Transition metals

Most metals are transition metals. They include iron and other metals used in construction, gold and other precious metals. The transition metals are placed in the central part of the periodic table.

Period table with the transition metals in red.The transition metals are placed between groups 2 and 3 in the periodic table

Typical properties

Compared to other metals, the transition metals have these typical properties:

Remember that these are typical properties - some transition metals may not show one or more of them. For example:

  • mercury melts at just -39°C, so it is a liquid at room temperature
  • scandium has a similar density to aluminium in group 3, so pieces of scandium are relatively lightweight

Iron as a transition metal

Iron (Fe) has the typical properties of transition metals.

High melting point and density

The table shows the melting point and density of iron, compared to three non-transition metals. Iron, a transition metal, has a higher melting point and a higher density than the non-transition metals.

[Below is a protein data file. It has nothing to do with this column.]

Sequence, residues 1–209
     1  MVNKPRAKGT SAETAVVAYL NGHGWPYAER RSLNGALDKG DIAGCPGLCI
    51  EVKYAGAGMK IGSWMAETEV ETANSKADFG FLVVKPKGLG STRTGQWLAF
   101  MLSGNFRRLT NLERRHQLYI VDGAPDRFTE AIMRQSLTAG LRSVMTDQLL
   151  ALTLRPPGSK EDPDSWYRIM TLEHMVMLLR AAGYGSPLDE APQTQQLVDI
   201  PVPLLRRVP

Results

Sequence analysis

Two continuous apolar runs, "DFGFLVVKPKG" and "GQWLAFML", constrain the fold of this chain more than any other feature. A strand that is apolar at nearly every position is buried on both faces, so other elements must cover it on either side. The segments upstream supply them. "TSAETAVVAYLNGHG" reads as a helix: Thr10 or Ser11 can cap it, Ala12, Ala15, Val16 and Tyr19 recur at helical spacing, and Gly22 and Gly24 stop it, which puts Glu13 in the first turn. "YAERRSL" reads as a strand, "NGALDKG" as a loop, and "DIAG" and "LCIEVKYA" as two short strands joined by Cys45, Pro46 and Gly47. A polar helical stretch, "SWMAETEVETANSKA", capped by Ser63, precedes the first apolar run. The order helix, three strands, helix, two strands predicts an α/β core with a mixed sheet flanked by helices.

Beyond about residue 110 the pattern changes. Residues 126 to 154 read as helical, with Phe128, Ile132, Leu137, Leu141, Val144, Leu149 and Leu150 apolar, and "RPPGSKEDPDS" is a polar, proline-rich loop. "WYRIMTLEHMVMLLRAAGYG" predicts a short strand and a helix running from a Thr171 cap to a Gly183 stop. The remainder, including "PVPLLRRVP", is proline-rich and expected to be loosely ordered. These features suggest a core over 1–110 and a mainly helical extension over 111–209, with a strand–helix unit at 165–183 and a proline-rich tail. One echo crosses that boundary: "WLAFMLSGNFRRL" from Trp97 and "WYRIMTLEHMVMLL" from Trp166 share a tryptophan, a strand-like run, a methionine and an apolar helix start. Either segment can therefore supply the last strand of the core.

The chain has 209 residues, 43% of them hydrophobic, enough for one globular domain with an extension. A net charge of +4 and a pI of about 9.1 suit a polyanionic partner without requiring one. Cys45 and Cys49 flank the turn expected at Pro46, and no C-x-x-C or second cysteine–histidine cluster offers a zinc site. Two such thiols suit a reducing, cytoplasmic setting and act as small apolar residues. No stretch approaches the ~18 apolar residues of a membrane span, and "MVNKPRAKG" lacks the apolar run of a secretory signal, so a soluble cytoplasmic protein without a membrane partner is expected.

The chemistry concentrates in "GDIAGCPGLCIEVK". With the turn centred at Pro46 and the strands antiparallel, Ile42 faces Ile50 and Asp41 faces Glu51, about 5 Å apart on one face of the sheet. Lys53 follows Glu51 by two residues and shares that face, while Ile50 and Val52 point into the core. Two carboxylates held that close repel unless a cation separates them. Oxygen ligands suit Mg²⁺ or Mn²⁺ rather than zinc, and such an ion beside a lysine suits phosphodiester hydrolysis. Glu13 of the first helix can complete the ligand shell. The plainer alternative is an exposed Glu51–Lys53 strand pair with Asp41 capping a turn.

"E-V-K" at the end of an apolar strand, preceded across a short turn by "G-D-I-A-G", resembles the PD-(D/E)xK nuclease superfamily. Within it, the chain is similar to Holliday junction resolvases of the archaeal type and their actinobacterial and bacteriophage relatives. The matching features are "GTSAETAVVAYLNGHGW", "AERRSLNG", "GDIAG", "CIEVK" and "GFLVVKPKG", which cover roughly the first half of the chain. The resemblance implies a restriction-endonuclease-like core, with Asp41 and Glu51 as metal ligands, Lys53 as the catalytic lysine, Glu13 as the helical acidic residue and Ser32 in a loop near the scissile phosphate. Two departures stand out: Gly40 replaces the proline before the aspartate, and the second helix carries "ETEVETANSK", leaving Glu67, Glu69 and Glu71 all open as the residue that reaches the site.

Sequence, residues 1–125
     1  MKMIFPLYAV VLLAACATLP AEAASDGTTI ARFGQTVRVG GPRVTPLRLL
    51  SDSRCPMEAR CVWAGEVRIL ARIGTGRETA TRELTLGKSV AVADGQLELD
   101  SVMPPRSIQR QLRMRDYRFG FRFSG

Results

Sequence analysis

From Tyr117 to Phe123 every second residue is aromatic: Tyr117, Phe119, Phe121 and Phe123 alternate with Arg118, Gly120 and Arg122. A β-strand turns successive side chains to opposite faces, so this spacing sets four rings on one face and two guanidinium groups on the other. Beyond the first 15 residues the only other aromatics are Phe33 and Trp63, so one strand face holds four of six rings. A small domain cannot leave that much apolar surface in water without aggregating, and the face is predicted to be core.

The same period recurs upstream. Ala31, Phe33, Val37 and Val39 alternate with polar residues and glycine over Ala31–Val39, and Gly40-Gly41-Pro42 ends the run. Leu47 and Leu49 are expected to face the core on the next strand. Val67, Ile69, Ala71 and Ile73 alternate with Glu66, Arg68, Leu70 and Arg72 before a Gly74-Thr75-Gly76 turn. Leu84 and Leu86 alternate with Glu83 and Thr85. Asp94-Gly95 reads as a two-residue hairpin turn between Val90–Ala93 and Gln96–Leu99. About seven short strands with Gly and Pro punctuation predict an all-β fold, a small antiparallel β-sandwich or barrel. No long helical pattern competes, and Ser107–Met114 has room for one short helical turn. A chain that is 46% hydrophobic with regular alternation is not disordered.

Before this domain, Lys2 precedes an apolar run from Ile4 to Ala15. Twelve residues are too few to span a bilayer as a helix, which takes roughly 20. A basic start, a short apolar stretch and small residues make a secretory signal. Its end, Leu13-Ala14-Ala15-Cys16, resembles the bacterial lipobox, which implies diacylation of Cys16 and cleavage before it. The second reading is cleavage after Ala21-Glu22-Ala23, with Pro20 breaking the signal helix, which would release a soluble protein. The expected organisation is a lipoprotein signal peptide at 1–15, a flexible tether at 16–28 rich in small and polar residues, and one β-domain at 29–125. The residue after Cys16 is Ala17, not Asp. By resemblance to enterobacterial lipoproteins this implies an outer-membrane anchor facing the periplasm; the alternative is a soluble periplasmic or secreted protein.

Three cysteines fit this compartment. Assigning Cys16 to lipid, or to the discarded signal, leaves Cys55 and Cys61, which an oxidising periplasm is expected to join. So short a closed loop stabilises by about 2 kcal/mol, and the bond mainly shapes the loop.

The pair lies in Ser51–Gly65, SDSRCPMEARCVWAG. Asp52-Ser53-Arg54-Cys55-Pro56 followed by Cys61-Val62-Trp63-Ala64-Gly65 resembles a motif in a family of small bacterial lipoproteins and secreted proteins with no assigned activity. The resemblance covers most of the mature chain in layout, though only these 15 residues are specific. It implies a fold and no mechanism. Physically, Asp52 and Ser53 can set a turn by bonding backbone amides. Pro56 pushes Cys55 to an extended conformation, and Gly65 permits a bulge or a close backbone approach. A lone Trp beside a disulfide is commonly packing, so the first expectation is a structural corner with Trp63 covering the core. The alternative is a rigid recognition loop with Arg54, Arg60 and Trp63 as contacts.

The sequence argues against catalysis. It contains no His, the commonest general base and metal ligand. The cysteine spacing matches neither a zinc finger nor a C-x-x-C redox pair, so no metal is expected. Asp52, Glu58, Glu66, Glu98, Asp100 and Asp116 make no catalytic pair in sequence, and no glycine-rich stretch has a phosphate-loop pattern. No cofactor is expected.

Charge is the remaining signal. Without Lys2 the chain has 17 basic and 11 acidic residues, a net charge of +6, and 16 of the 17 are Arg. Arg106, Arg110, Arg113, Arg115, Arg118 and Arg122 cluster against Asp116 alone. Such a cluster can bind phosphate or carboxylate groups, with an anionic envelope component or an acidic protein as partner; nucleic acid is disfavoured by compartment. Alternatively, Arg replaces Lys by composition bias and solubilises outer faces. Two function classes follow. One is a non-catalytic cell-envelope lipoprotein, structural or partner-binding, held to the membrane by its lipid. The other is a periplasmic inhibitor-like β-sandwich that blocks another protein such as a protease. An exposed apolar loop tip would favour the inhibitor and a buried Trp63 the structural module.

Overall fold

MetalMelts atDensityPosition
Iron1538°C7.87 g/cm3Transition metals
Sodium98°C0.97 g/cm3Group 1
Magnesium650°C1.74 g/cm3Group 2
Aluminium660°C2.70 g/cm3Group 3

Coloured compounds

Metals that are not transition metals usually form white or colourless compounds. Like other transition metals, iron forms coloured compounds. The table shows some examples of these.

CompoundColour
Iron(II) hydroxide, Fe(OH)2Pale green
Iron(III) hydroxide, Fe(OH)3Orange-brown
Iron(III) oxide, Fe2O3Red-brown

Catalytic activity

Catalysts are substances that speed up the rate of reaction without being used up in the reaction. Iron is the catalyst used to make ammonia in the Haber process. Iron(III) oxide is a catalyst used to make hydrogen by reacting carbon monoxide and steam together.